Prior to this year, my idea of conservation was confined within the walls of museums and I viewed my interest in social justice as something independent of my career goals. However, thanks to inspiring peers, mentors, and campaigns like #MuseumsAreNotNeutral, I have realized that the preservation of cultural heritage is inherently political and that conservation can be a vessel for social change. Specifically, by contributing to the preservation of the material culture of marginalized communities, conservators can make the history of these communities more accessible. In his 1991 book The Politics of British Black History, scholar Stephen Small writes about this issue in regards to the importance of Black community archives, stating: "part of our problem is that we do not know our histories; part of your problem is that you do not know our histories. So much of the hostility we face is based on ignorance and we must challenge this" (13). In my research this summer, I sought to familiarize myself with LGBTQ+ history and the community archives that have preserved it in order to address the challenges faced by these archives in my senior thesis.
I began my research by reading Michael Bronski's A Queer History of The United States and exploring the websites of LGBTQ+ archives such as the Lesbian Herstory Archives, ONE National Gay and Lesbian Archives, and the William Way LGBT Community Center's John J. Wilcox, Jr. Archives. Bronski's work helped me contextualize the objects housed within these archives and appreciate the significance of even seemingly mundane things like ticket stubs and diary entries. I quickly realized that the majority of these materials are available for study because of community archives, which are defined by scholar Andrew Flinn in his 2007 article "Community Histories, Community Archives: Some Opportunities and Challenges" as "the grassroots activities of documenting, recording and exploring community heritage in which community participation, control and ownership of the project is essential" (2). Compared to traditional collection practices, community archives democratize the act of archiving, allowing marginalized communities to control their own narrative and empower themselves through their history. I conducted the remainder of my research on the history of and challenges faced by queer community archives. A major barrier to the preservation of these materials is a lack of funding for the organizations that run them and I hope to be a dedicated advocate for their importance throughout my lifetime.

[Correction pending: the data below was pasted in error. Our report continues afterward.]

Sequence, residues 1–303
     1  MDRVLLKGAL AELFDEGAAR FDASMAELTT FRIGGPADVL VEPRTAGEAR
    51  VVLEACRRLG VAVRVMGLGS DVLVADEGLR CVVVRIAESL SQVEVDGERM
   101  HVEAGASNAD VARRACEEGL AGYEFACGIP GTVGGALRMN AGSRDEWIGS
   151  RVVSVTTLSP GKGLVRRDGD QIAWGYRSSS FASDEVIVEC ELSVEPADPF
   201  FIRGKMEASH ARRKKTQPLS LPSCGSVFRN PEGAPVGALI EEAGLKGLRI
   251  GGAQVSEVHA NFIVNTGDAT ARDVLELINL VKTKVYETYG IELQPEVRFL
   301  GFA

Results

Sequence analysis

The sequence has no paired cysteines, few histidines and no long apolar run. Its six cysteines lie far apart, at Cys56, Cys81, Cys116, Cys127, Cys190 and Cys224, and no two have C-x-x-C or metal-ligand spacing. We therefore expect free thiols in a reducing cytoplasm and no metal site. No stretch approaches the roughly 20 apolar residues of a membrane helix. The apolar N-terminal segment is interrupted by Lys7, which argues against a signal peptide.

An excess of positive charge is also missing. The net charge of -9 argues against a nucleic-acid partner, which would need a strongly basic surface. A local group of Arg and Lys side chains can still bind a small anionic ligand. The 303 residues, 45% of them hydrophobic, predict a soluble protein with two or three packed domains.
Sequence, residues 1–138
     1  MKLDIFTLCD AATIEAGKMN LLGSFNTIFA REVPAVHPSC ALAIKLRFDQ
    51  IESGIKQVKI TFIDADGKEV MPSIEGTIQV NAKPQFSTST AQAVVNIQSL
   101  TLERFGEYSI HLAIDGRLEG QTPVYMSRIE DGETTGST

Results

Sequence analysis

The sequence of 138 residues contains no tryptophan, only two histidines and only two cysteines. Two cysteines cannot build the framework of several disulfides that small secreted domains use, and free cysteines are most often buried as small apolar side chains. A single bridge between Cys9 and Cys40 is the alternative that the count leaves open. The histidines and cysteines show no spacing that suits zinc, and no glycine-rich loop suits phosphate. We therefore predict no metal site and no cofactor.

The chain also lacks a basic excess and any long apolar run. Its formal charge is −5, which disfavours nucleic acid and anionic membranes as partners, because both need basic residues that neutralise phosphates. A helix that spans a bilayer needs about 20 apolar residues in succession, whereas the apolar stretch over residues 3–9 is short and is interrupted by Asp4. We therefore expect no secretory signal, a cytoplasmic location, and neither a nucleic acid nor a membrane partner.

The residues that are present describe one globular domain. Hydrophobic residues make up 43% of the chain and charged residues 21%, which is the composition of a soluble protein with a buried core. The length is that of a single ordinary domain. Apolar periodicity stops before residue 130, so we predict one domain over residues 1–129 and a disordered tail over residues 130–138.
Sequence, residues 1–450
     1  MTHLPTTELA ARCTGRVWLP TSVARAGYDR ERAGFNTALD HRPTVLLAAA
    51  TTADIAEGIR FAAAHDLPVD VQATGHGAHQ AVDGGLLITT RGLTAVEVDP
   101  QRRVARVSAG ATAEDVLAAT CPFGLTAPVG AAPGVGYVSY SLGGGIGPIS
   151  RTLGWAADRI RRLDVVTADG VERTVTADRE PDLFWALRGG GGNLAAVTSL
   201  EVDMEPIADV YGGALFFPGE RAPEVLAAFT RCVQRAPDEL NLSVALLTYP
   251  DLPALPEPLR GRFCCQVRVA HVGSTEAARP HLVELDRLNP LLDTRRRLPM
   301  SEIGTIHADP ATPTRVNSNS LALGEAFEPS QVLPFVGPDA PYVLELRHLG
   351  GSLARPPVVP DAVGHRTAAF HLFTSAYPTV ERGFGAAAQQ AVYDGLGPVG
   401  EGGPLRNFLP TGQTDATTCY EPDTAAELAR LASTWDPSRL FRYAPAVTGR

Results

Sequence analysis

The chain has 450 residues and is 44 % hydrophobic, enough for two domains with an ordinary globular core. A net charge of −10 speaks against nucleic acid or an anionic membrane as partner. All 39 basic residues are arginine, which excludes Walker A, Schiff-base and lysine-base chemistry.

My research this summer has provided me with the necessary foundation upon which to build my senior thesis, where I hope to design outreach projects related to this topic. I am inspired by the networks of activists who have preserved queer history and I intend to conduct interviews with community leaders to understand how to make cultural preservation resources more accessible to them. Conservation is not as niche as I once thought and I am grateful that this research topic has opened my eyes to the transformative possibilities of socially conscious preservation efforts.
University of Delaware Honors Program '21
Art Conservation and Art History Major
University of Delaware Alternative Breaks Operations Coordinator
Eugene Dupont Memorial Scholar